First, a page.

Don’t Go Into The Cellar is a Birmingham based theatre company who specialise in the Gothic and the macabre in ain a playful  and haunting manner. Recent titles include “Sharing Digs with Burke and Hare”, Sweeney Todd: A Love Story” and “The Feast of Blood! Or, Lord Ruthven’s Revenge”.

Judging by these examples of their back catalogue ‘Singular’ appears to be a mild distraction for them as its only connection 
being the Victorian setting of hansom cabs, sulphurous fogs and murders ‘most foul’.

However it is fair to say that even after 124 years we still cannot get enough nineteenth century gore especially when it involves England’s best ‘consulting detective’ Sherlock Holmes. Conan Doyle never shared our enthusiasm and ‘killed’ him off at Reichenbach Falls in “The Final Problem”.

Public pressure saw Holmes back from the dead and it is at that point that the play, held in the in the grand confines of the pub’s restaurant, takes its cue.
After a brief introduction by Rachel Green, the play's Director, the scene opened on the eminent literary detective’s rooms at 22b Baker Street.

An excellent script gave Jonathan Goodwin, as Sherlock, the chance to show unbound enthusiasm for his character through tales that took in all of the detective’s best moments including “The Adventure of the Speckled Band”, the astounding escape from the ‘Falls and musings on his legendary nemesis, the ‘Napoleon of Crime’, Moriarty.

Meanwhile Gary Archer’s Watson, and Holmes’ ‘Boswell’, listened intently and patiently as Holmes entertained the room with dazzling wit and repartee. Participation was encouraged and moreover greeted genially by the audience, or as Holmes defined them, ‘The Baker Street Irregulars’. Unfortunately, time did not allow for the promised question and answer session.

Don't Go Into The Cellar are available for bookings and can be contacted either by email or phone. See website for details.

Friday, 28 January 2011

Dancing at Lughnasa, Haymarket Theatre, Basingstoke 27th January 2011

Brian Friel’s Dancing at Lughnasa premiered in 1990 and has had many successful runs and even a film version starring Meryl Streep as the fiercely devout Catholic Kate.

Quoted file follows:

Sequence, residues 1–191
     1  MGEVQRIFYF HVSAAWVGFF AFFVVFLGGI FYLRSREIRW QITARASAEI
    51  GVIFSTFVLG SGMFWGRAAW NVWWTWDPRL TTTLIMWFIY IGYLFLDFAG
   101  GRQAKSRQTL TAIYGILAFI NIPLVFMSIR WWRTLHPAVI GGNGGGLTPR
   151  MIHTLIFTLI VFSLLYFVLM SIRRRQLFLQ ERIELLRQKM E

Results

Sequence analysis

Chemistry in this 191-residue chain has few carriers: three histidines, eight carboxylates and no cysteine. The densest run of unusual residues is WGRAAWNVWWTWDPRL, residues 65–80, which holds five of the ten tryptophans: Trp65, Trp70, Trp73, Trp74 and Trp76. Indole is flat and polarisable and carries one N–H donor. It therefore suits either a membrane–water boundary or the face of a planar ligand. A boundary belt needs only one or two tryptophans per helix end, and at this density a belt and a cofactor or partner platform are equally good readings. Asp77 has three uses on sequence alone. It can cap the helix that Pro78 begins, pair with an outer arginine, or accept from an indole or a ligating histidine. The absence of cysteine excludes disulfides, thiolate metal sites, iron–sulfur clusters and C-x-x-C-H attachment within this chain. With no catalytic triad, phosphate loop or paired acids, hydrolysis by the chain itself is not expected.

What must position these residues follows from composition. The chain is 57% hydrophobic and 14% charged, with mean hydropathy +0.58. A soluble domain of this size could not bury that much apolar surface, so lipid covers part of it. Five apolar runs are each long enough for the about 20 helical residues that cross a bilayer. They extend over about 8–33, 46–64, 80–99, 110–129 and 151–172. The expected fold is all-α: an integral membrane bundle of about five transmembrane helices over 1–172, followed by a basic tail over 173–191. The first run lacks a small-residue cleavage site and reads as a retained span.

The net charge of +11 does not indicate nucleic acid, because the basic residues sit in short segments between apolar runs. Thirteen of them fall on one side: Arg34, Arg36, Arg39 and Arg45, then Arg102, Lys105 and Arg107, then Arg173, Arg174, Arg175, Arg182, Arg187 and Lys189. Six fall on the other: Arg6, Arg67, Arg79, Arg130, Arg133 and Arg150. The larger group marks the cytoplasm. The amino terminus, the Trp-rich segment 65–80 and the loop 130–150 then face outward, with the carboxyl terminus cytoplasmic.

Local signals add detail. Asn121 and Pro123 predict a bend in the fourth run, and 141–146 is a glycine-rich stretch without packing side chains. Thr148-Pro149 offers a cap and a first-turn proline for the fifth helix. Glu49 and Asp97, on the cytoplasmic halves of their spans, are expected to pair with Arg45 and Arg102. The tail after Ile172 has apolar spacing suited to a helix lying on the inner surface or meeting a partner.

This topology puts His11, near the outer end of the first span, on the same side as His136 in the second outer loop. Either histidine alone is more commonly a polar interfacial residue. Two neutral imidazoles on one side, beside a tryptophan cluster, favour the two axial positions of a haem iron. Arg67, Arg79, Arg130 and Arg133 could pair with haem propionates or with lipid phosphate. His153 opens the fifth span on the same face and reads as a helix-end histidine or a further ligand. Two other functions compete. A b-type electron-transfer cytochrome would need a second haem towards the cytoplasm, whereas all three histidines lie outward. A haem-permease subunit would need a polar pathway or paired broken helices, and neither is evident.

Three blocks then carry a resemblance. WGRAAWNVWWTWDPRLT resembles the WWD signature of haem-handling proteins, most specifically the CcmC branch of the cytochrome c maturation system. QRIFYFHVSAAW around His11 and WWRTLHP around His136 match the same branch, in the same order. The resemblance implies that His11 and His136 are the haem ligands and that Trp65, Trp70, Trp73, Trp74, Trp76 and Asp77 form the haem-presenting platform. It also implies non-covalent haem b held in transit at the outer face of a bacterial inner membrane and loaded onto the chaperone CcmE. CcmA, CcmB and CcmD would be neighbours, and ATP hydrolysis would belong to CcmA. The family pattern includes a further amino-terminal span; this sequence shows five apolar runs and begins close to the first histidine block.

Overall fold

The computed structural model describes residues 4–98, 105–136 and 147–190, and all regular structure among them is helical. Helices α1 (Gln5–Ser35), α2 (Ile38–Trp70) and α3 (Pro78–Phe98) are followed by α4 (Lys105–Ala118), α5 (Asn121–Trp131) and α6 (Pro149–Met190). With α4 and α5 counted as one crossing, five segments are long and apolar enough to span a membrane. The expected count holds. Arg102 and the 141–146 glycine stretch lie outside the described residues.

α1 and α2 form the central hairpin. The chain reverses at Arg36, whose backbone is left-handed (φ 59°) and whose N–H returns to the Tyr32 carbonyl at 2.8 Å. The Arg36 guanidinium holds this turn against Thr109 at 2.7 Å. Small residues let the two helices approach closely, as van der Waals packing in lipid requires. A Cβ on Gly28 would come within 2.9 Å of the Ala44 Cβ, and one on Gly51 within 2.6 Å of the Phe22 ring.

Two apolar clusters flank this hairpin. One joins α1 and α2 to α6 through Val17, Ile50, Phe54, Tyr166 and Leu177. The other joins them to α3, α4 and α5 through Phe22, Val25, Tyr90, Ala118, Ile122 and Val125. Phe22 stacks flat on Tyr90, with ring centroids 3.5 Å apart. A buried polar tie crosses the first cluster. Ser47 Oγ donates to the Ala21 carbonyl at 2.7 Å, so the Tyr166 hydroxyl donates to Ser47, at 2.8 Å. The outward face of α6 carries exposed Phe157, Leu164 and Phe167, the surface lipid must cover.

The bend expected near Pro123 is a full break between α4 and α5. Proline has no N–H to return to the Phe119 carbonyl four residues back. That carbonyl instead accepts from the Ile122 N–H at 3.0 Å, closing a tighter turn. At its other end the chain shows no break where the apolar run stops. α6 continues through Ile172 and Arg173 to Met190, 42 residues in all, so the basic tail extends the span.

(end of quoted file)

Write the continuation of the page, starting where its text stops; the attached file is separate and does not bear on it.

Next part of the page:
It is 1936 in rural  Ballybeg in Donegal, that the five Mundy sisters, along with Michael, the illegitimate seven-year-old son of youngest sister Chris attempt  to get by in the  harsh economic climate of thirties Ireland. As an adult, Michael (Alastair Whatley) looks back on the events of that long warm summer, during the pagan festival of Lughnasa. Whatley offers an affectionate and caring  study of Michael's family and childhood, his narration evoking the subtle and complex pattern of the women's housebound lives, from which there's only one escape, the wireless set. Michaels recollects the   "sheer magic...the kitchen throbbing with the beat of Irish music beamed from Dublin...dancing with eyes half closed because to open them would break the spell".

However, the spell is shattered and the Mundys' relatively safe and quiet existence  is rocked by a series of events, starting with the arrival of Michael's father and the return of lapsed elder brother Jack (Daragh O’Malley) from Africa where he has been saving Catholic souls until he was accused by the Church as going ‘native’.
Dancing at Lughnasa is  a striking ensemble piece demanding  strict affinity between the sisters who live  together with no visible means of escape - only dreams in a fragile domestic ‘prison’ underpinned by repressive Catholic expectations of rural Irish society has to face up to change.

As a group, they create a boiling cauldron of raging passion  - a simmering erotic subtext that I have never felt in past performances. It reaches its climax in the iconic dance scene that, under the direction of Choreographer Lucie Pankhurst, still manages to convey a spontaneous release - if only for a brief minute.

Of the sisters simple Rose(Bronagh Taggart), impresses with her mix of innocence and dependency and contrasts starkly  to the other sisters, Patricia Gannon’s  bawdy Maggie,  young mother Chris(Siobhan O’Kelly), contemplative Agnes(Mairead Conneely) and of course  the pious yet vulnerable ‘virtuous bitch’ Kate( Victoria Carling)

All the actors brought a wealth of detail to their roles and offered, what I felt, was a fresh interpretation  achieved brilliantly by Director Alastair Whatley whose  aim  was achieved in  offering  'a fresh perspective on the play, unadorned by the shadows of past productions'. 

Reviewed for Remotegoat Website

[Produced by Original Theatre Company in association with Anvil Arts and South Hill Park Arts Centre. On tour until 23rd April 2011.]